Nashville is the capital and most populous city of the U.S. state of Tennessee. The city is the county seat of Davidson County and is located on the Cumberland River. It is the 23rd most-populous city in the United States.
Named for Francis Nash, a general of the Continental Army during the American Revolutionary War, the city was founded in 1779. The city grew quickly due to its strategic location as a port on the Cumberland River and, in the 19th century, a railroad center. Nashville seceded with Tennessee during the American Civil War; in 1862 it was the first state capital in the Confederacy to fall to Union troops. After the war, the city reclaimed its position and developed a manufacturing base.
Since 1963, Nashville has had a consolidated city-county government, which includes six smaller municipalities in a two-tier system. The city is governed by a mayor, a vice-mayor, and a 40-member metropolitan council; 35 of the members are elected from single-member districts, while the other five are elected at-large. Reflecting the city’s position in state government, Nashville is home to the Tennessee Supreme Court‘s courthouse for Middle Tennessee, one of the state’s three divisions.
A major center for the music industry, especially country music, Nashville is commonly known as “Music City”. It is also home to numerous colleges and universities, including Tennessee State University, Vanderbilt University, Belmont University, Fisk University, Trevecca Nazarene University, and Lipscomb University, and is sometimes referred to as “Athens of the South” due to the large number of educational institutions. Nashville is also a major center for the healthcare, publishing, banking, automotive, technology, and transportation industries. Entities with headquarters in the city include AllianceBernstein, Asurion, Bridgestone Americas, Captain D’s, Dollar General, Hospital Corporation of America, LifeWay Christian Resources, Logan’s Roadhouse, and Ryman Hospitality Properties.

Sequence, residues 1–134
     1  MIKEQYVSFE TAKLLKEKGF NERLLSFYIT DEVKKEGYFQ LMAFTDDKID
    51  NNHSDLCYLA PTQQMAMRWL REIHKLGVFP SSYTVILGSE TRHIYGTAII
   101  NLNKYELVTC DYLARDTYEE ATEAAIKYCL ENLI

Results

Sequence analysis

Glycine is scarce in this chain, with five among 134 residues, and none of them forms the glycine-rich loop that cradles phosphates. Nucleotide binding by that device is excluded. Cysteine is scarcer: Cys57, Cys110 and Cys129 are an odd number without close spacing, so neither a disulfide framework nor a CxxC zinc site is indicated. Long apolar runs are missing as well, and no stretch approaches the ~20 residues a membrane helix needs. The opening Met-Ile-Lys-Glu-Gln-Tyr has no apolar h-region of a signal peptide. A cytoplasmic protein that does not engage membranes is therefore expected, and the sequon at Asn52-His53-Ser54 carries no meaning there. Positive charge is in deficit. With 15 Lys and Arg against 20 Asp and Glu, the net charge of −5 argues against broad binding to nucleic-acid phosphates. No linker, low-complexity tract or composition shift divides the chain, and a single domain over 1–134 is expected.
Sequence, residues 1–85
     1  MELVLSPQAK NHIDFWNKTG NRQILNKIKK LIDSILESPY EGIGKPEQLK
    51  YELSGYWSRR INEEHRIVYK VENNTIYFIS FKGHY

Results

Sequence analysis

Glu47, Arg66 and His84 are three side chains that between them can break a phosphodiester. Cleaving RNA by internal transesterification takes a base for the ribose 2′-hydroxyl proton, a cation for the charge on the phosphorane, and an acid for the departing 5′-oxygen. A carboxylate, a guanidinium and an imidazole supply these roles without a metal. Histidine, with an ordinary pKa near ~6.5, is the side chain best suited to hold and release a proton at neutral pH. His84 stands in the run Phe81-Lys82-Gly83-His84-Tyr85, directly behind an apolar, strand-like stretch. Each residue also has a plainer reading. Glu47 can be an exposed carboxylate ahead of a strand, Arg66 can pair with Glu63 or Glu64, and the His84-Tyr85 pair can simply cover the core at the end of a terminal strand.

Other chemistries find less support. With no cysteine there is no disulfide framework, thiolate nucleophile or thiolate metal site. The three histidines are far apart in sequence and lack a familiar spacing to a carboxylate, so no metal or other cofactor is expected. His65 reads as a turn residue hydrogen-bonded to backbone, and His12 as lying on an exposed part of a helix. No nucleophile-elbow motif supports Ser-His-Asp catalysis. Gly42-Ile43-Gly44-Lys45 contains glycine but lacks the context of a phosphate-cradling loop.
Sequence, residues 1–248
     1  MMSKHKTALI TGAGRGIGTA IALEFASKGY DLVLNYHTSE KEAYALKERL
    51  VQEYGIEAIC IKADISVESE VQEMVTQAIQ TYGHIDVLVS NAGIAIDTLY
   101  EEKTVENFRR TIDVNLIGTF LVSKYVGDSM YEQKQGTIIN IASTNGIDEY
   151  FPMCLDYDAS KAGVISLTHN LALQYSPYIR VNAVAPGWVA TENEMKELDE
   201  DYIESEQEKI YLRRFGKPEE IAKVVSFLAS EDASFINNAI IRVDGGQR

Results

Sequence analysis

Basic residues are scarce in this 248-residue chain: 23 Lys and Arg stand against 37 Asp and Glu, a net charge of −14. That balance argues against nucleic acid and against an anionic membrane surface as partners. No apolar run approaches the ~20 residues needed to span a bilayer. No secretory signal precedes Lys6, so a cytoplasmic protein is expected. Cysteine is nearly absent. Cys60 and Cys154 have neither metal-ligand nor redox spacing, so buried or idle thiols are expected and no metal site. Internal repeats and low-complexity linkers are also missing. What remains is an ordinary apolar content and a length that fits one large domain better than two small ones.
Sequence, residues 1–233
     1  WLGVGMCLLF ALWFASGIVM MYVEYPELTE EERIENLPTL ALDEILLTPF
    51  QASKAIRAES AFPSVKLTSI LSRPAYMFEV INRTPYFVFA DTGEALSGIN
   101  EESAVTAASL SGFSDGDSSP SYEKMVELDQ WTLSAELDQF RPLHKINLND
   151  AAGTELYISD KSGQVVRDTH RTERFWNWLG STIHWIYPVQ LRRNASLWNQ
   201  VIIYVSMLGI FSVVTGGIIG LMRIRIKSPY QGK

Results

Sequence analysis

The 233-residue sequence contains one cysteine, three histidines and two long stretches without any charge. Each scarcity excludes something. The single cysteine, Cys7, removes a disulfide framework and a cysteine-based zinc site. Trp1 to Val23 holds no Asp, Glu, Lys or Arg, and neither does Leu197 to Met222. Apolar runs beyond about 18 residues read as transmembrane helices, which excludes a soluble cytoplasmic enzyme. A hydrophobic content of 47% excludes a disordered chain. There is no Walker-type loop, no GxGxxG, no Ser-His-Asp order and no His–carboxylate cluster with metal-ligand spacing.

18th and 19th centuries
In 1689, French-Canadian trader Martin Chartier established a trading post in 1689 on the Cumberland River, near the present-day site of the city. In 1714, a group of French traders under the command of Charles Charleville established a settlement and trading post at the present location of downtown Nashville, which became known as French Lick. These settlers quickly established an extensive fur trading network with the local Native Americans, but by the 1740s the settlement had largely been abandoned.
In 1779, explorers James Robertson and John Donelson led a party of Overmountain Men to the site of French Lick, and constructed Fort Nashborough. It was named for Francis Nash, the American Revolutionary War hero. Nashville quickly grew because of its strategic location as a port on the Cumberland River, a tributary of the Ohio River; and its later status as a major railroad center. By 1800, the city had 345 residents, including 136 enslaved African Americans and 14 free African Americans. In 1806, Nashville was incorporated as a city and became the county seat of Davidson County, Tennessee. In 1843, the city was named as the permanent capital of the state of Tennessee.